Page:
The Arrest, Part II

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One of the more exciting aspects of the job of the enforcement officers of JAIS is to catch Muslim couples committing pre-marital sex or adultery. These episodes usually involve night time raids and kicking down doors to catch wrongdoers in the act. Some years ago in one of the states up north, a group of Islamic enforcement officers raided a house where a Muslim man was carrying on a liaison with a Muslim woman whom he was not married to. As in previous raids, the enforcers burst into the room surprising the couple. Unfortunately, the man happened to be a policer officer. He pulled out his service revolver and promptly shot the first enforcer he saw. The poor enforcer died and the police officer was charged with two crimes, khalwat and murder (or manslaughter). Since then, JAIS raids have been carried out in the presence of police officers although the raiding and arresting would be carried out by JAIS. The Police are there to watch and make sure that these guys don’t get shot again.

Of course, there was no such danger to the JAIS enforcers when they raided the Bible Society of Malaysia (BSM) on January 2, 2014.

By 2.45 pm, everyone from JAIS had left the Damansara Utama Police Station leaving Sinclair Wong and me with a handful of police constables who were probably perplexed as to what was going on. They definitely had never seen JAIS drag in non-Muslims. The number of reporters who came to interview us grew and very soon a little press conference was developing. Sinclar and I were seated on a sofa just in front of the station door. BSM’s General Secretary, Rev Simon Wong, had joined us to serve as our bailor. A police constable had earlier told us that we had to wait for the inspector in charge of bail to come back before we could be released on bail.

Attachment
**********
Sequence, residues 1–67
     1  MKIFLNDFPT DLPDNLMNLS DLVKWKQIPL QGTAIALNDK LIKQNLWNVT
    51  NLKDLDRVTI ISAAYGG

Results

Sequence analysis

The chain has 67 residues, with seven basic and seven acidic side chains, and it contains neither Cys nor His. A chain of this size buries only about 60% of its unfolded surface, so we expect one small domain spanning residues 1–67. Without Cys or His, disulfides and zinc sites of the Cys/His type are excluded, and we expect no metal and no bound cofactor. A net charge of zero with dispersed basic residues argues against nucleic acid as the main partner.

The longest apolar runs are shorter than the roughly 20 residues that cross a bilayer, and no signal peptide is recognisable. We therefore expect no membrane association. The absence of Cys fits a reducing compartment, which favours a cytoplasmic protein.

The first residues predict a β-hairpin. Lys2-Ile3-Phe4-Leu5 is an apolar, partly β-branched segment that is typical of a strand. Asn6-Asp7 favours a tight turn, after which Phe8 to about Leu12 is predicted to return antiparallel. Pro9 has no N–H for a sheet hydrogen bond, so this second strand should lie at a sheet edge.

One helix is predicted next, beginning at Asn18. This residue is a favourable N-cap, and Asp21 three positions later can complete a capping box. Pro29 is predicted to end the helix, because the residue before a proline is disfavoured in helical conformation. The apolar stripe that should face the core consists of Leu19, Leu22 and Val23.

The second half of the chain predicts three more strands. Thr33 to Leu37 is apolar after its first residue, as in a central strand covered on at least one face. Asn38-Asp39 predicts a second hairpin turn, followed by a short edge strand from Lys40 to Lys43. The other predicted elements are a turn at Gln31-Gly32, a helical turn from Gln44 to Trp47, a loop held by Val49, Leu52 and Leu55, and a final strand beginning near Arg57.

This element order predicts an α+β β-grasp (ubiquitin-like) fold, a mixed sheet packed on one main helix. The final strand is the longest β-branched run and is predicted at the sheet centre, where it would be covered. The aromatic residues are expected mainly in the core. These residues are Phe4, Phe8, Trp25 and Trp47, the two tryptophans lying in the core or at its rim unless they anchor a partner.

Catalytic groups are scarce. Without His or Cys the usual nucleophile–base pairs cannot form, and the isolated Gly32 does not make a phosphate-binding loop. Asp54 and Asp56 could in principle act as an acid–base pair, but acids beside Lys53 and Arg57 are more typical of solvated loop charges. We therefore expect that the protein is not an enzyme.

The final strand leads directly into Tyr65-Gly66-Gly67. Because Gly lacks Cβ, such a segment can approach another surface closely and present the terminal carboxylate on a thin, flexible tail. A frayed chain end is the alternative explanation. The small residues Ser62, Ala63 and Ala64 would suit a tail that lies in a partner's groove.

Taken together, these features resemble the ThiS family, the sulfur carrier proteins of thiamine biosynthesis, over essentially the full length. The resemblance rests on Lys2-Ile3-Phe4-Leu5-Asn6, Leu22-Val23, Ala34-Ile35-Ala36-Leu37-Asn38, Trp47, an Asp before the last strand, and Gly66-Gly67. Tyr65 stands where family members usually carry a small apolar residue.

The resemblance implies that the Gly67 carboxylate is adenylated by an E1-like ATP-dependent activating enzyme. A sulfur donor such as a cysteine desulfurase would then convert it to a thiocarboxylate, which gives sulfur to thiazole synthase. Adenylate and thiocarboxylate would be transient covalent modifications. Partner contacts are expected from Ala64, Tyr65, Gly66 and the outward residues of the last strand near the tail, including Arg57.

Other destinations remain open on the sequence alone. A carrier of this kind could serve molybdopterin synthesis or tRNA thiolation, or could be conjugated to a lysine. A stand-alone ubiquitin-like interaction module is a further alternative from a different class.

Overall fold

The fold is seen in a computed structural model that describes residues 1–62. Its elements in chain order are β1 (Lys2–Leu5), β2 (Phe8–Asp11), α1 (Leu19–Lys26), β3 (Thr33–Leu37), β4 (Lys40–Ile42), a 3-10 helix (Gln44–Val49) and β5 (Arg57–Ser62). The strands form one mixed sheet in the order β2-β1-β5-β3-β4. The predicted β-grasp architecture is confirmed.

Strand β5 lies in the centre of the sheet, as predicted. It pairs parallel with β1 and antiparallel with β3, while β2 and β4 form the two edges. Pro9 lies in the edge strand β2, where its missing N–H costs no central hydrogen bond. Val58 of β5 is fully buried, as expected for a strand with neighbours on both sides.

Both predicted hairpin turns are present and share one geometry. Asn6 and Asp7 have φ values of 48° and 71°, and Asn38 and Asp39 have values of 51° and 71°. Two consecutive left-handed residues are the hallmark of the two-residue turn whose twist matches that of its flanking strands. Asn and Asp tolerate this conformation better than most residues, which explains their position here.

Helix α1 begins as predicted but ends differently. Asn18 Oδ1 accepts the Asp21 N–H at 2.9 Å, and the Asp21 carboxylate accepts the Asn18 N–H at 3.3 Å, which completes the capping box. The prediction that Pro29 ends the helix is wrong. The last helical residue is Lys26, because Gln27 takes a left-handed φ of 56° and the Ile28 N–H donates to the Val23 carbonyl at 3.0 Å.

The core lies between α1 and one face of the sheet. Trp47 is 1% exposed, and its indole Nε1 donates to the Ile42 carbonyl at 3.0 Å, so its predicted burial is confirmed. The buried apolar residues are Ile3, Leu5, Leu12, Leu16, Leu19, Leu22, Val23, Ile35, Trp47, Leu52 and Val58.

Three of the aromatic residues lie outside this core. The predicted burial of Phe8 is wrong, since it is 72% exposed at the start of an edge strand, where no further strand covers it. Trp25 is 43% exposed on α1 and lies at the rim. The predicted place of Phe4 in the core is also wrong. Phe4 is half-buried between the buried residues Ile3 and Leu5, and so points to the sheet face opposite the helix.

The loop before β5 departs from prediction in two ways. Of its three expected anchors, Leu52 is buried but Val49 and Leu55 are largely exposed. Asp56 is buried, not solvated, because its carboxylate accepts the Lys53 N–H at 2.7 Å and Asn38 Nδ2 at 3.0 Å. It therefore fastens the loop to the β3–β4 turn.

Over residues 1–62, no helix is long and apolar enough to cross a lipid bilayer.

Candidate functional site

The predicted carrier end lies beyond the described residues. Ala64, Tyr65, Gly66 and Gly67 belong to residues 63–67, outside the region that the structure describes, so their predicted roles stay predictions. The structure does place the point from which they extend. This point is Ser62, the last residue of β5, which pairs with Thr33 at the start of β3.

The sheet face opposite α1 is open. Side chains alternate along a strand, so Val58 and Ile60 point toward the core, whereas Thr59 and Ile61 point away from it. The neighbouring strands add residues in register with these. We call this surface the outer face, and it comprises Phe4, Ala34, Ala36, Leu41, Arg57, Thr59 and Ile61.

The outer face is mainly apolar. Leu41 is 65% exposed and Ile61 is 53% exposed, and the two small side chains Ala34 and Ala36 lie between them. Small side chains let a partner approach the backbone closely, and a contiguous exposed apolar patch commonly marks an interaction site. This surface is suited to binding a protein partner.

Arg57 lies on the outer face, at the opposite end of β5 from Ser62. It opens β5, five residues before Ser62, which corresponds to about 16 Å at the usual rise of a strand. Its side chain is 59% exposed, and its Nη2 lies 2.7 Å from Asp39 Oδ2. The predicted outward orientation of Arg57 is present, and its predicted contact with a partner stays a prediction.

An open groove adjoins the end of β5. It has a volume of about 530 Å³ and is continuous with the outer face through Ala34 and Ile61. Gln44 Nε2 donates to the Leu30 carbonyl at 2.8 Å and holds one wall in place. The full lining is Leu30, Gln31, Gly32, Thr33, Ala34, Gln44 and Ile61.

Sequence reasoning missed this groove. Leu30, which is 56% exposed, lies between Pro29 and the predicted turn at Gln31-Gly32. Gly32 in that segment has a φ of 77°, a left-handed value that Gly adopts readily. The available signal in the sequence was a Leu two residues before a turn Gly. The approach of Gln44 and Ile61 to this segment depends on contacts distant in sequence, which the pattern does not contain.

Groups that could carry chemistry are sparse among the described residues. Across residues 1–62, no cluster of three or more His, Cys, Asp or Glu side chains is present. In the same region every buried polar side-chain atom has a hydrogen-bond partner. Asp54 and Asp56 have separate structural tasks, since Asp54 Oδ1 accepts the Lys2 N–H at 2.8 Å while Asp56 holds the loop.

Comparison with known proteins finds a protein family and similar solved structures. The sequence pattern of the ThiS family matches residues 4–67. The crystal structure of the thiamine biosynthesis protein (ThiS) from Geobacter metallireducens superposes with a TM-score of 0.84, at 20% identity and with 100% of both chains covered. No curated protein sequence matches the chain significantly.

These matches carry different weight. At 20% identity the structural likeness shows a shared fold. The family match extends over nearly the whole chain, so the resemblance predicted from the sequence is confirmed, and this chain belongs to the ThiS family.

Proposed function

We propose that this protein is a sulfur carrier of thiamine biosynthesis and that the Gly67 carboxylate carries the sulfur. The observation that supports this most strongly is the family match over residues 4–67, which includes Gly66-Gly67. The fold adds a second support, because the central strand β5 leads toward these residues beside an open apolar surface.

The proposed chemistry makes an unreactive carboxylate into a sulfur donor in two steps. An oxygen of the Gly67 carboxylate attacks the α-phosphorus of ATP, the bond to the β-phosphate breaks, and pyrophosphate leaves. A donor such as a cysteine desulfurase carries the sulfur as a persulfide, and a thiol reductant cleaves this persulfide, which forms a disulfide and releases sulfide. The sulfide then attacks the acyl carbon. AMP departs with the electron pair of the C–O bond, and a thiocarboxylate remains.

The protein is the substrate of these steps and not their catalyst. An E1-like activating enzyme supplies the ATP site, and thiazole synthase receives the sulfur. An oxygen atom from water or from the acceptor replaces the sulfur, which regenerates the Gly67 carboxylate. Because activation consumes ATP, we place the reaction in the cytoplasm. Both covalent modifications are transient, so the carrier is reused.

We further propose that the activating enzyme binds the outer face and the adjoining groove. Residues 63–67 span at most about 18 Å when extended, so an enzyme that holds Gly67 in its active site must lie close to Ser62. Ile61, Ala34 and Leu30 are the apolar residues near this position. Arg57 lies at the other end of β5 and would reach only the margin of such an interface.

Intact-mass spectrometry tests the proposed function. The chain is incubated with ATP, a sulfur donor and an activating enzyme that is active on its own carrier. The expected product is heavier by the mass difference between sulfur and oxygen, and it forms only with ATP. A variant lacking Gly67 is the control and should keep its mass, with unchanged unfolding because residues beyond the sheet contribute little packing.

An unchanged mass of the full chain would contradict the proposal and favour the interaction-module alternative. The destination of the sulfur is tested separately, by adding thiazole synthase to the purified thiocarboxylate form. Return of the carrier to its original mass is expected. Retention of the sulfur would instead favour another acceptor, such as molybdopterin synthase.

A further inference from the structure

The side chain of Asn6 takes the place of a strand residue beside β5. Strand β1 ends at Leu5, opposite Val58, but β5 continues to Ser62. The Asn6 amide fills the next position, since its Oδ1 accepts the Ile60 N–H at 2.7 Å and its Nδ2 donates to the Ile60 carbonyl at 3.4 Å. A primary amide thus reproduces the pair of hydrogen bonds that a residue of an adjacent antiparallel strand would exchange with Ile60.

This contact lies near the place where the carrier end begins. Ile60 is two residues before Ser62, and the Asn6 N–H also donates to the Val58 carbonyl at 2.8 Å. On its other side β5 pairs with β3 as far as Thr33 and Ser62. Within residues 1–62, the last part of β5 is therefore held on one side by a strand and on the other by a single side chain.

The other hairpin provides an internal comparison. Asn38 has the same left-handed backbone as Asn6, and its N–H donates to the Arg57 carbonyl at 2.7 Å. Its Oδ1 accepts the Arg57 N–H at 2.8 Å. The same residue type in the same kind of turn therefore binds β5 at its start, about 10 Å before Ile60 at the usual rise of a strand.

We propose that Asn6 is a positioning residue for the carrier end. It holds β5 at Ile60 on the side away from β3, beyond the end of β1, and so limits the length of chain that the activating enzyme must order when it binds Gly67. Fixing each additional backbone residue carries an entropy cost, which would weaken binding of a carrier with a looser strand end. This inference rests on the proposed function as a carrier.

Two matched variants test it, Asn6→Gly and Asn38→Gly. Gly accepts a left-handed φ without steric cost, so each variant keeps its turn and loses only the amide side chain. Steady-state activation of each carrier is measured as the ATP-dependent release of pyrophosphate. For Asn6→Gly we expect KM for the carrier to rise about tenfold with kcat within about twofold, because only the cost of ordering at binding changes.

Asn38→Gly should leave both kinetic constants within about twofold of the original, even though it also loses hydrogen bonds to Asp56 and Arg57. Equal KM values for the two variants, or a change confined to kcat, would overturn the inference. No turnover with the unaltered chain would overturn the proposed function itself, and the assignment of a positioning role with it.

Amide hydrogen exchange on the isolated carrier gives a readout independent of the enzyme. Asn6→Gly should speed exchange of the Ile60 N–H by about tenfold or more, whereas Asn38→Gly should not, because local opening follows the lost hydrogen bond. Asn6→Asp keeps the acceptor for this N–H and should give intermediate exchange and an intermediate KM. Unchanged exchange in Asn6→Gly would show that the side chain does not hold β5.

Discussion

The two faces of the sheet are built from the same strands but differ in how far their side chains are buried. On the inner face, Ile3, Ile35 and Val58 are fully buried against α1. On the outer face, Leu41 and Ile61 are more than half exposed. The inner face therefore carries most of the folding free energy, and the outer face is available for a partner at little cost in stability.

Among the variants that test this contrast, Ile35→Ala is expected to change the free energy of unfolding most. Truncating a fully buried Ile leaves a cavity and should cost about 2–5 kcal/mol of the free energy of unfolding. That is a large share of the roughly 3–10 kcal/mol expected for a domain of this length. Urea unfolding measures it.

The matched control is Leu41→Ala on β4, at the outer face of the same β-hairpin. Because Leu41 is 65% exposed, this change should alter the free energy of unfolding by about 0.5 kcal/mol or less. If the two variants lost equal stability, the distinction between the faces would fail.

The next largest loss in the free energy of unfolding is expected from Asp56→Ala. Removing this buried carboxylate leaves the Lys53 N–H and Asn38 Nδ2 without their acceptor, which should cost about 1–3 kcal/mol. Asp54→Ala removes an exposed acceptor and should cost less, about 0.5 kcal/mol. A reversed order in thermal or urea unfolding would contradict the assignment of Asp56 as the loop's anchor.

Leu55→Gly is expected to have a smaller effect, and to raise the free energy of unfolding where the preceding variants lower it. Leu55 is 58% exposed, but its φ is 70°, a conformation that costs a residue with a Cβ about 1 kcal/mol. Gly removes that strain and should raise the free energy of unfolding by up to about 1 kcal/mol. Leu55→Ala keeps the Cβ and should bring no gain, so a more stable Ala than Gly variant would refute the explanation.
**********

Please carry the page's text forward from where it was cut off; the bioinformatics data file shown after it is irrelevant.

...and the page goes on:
Our press conference was going on peacefully until some camera men came in with large video cameras on rather large tripods. About 2 of them started filming. It was at this stage that the police constables must have felt an invasion of their territory.

One of them shouted at the cameramen, “Oi, tak boleh ambil gambar. Keluar! Keluar!” (Hey, cannot take pictures. Get out! Get out!)

As the policemen pushed one camera man out, another one slipped in. In a display of resourcefulness, the policemen must have thought that if they can’t get rid of the press, they could try to isolate us from them.

One of them came and spoke to us in the most deferential of tones, “Encik, sini sangat panas, lah. Saya bawa encik ke pejabat kami. Boleh duduk di sana. Ada air-con juga.” (Sir, it’s very hot here. Let me take you to our office. You can sit there. There’s air-conditioning there).

Being arrested persons, we will follow the dictates of those who have custody of our bodies. So, we followed a policeman who lead us out through the back of the station house. We walked across an open space to another building and was ushered into a room at the ground floor. As we entered, the stench of cigarette smoke and body odour hit our nostrils. The policeman pointed to a sofa and invited us to sit.

I stood motionless in the room for a moment. Then I said to the policeman in Malay, “I am not going to sit in this room. It stinks. I have a lung problem and I cannot tolerate cigarette smoke.” Immediately, the policeman took us out and led us to an open space between 2 buildings where a tarpaulin shade was erected. There was a collapsible table and some chairs piled up on top of each other. It was obvious that this was left over from a New Year’s party the day before. The policeman apologised that there was no fan here but I told him its all right and that I’d rather sit there than inside.